e anti-capitalist slogans, ‘The World Is Not A Commodity’ and ‘Our World Is Not For Sale’, are tremendously powerful statements about how capitalism insidiously tries to turn human beings into passive consumers for its products. But where does the real power lie? Daniel Margrain explains.
When we talk about consumerism, the emotive arguments for and against are always black and white. Consumerism is painted as unnecessary and low or no growth is seen as the optimum state for people and planet. But what if acquiring objects and possessions is intrinsic to human nature? What if, in reality, the consumerism argument is far more nuanced, which should make us rethink how we spend, what we buy and which things are most important to us. Joining us to work out where next for consumer spending and give historical context to the rampant consumerism we seem to love is the author of ‘The Empire of Things’, Professor Frank Trentmann.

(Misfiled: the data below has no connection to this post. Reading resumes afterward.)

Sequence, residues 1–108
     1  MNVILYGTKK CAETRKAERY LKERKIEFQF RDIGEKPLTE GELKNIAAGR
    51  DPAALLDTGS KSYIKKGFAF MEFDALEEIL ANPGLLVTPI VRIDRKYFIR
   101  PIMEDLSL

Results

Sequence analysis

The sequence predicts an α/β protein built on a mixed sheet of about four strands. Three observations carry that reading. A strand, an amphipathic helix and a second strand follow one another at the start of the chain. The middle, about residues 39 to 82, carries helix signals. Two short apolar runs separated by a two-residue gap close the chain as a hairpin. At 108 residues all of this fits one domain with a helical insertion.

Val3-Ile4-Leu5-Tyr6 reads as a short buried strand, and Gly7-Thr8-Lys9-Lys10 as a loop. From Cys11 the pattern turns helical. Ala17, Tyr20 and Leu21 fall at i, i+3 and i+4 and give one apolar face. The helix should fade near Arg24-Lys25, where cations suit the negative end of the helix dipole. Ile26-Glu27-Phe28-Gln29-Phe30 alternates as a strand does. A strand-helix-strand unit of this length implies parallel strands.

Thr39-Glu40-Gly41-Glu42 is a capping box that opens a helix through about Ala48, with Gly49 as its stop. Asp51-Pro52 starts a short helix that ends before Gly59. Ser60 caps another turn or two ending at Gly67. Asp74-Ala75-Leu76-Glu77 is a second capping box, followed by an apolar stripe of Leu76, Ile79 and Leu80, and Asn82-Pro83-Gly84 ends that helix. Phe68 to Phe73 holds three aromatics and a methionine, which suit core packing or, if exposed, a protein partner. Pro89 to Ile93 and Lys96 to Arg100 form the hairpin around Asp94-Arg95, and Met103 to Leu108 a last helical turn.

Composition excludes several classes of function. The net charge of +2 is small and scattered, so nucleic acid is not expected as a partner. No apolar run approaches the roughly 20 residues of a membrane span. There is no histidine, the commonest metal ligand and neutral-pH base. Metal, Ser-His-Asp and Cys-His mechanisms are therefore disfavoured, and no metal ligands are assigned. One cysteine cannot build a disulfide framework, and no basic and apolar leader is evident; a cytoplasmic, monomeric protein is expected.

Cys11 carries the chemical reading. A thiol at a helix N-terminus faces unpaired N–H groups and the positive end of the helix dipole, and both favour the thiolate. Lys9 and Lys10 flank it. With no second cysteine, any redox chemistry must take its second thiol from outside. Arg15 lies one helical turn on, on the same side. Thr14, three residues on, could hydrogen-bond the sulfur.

Class…it’s something quite subjective. But do we now judge social class through someone’s lifestyle choices and job roles, rather than their relationship to the means of production? Daniel Margrain unlocks the subtle, but important, change.
Responses to previous instalments of my “Economic Perspectives” include queries on why unbridled credit expansion by the main central banks in USA, UK, EU and Japan does not appear to be reflected in a commensurate rise in the general price level, affecting all sectors of the economy.
The rush into economic progress has made us happy, healthy and contented. But IKEA thinks we may have reached saturation point.